It’s the dead of winter in sunny old California, but tulips are not to be found even here until the spring. The beauty of tulips, especially the pale ones, is the vast and subtle array of colors found within a single blossom. As a kid in Frostbite Falls, Minnesota, I loved the arrival of the tulips through the snow.
The same tomatoes from yesterday. This morning, I decided to go with the “direct watercolor” approach – paint directly and do not do any preliminary drawings or use lines. I think these are more successful than yesterday’s tomatoes – a bit looser and more to my liking. They do seem to float in space a bit, especially the small one on the right.
The “Bay Area” is the area around San Francisco Bay, and includes picturesque places such as San Francisco itself, to across the bay north and east. It’s a mixture of urban sprawl and older neighborhoods, rich and poor. I’ve spent time there off and on, and it is always a pleasure. It’s very different than SoCal, let me tell you!
Direct watercolor is being done here – and proportions are a bear! It takes time and practice to be able to render things in the correct relationship to each other. I never learned the “pencil comparison” method – the one where you see the artist hold up his pencil toward the subject matter and then draw on the paper, and then repeat the process. Given how disproportionate many of my direct watercolors are, I think it will be something to master this summer in my spare time.
Friday was a busy, busy painting day! Quick sketch in the morning, class in the afternoon. More last night. And this morning I did this using only a flat brush, learning about its characteristics and such. I even got into using it really, really dry, which I had forgotten about. And the side – the edge of the flat – to make little dabs, such as in the pink flowers. It was great for wood texture, and fun for the sky. This was done without a preliminary sketch nor lines drawn on the paper.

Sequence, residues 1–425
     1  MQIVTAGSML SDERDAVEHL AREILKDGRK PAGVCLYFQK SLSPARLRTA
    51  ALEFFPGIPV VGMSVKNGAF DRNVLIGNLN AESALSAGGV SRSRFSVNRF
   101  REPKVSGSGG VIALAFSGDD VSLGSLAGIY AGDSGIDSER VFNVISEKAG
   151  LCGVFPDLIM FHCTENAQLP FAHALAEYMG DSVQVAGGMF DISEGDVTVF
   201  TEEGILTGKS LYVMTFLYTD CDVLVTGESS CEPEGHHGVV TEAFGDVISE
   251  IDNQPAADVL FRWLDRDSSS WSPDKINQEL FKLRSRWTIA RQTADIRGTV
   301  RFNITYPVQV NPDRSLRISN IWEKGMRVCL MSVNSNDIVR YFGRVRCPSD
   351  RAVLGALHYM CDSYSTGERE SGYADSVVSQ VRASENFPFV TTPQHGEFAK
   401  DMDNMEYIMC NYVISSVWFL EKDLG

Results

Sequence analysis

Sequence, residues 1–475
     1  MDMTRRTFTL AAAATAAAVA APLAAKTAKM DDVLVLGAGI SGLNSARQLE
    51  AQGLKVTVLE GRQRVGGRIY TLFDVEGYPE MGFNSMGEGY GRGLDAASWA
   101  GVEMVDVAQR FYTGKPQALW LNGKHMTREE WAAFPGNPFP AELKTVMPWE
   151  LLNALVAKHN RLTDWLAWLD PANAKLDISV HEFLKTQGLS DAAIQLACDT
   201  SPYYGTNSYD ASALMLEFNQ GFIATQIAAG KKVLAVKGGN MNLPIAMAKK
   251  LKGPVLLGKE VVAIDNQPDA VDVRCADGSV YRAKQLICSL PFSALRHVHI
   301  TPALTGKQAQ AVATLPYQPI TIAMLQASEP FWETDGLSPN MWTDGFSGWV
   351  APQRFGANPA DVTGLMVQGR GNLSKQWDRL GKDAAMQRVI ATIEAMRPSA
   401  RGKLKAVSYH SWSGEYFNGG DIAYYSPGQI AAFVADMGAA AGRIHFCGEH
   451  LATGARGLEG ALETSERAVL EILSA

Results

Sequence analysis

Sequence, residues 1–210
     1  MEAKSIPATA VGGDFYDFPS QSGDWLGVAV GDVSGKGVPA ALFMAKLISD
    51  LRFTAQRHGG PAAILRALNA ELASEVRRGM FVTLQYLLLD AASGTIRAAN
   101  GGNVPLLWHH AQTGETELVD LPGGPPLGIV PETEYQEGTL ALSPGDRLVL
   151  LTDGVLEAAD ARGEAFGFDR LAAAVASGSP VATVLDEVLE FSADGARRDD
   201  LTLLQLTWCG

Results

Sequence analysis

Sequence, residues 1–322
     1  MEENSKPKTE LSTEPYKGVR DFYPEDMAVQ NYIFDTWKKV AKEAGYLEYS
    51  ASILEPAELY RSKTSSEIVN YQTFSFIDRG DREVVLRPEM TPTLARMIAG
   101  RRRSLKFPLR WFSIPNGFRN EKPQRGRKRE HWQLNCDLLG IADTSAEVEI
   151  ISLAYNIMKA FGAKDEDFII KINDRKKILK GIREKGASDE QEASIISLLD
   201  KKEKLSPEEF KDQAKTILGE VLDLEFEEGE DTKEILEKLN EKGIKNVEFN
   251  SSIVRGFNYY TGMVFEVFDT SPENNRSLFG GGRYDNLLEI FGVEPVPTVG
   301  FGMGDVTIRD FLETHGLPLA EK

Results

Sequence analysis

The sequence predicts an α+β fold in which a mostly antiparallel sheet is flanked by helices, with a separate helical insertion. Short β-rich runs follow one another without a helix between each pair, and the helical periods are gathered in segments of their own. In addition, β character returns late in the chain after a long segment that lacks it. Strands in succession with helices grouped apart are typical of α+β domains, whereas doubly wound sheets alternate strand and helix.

Another “direct watercolor” from a photo I took sometime ago when up along the bluffs in Carpinteria, CA. This one might be worth repeating just because there are some areas I really like about it, but the rocks to the left of the cliff are rather dismal. The topmost rock was really a boat on the horizon! I painted the boat first, and then it just got bigger and bigger, to the point I morphed it into a dreary rock. Those rocks need work, as does the color gradation of the sand on the beach. I like a lot of the colors, but overall the sparkle is missing from the photo. If at first you don’t succeed . . . ya know.
I saw some climbing roses against a bright white wall, dancing with the wind. The play of light and dark, flickering shadows, and the swaying of the roses in the wind – tried to catch it in this morning’s sketch. No lines, direct watercolor.
I always have loved vistas of wildflowers, and the red poppies seen in so many French paintings always seem wonderful to me. Red like that is hard to find (I think) in the natural world. Painting it is even harder. I ended up using mostly Cadmium Red Orange.
This is another direct watercolor from this morning, but because of the multiple layers of washes, I had to let it dry in between. I went about getting ready for work between layers. At first, I just did a sky and put in colors of grasses and poppies – but they all bled together, so the second attempt – the one above – is the final version. If you look at the pictures below – click on them to see them in sequence – you can see what I did. I scanned each wash layer before doing the next.
Sk with white for grasses and flowers
Base wash with white space for poppies
Poppies on dried washes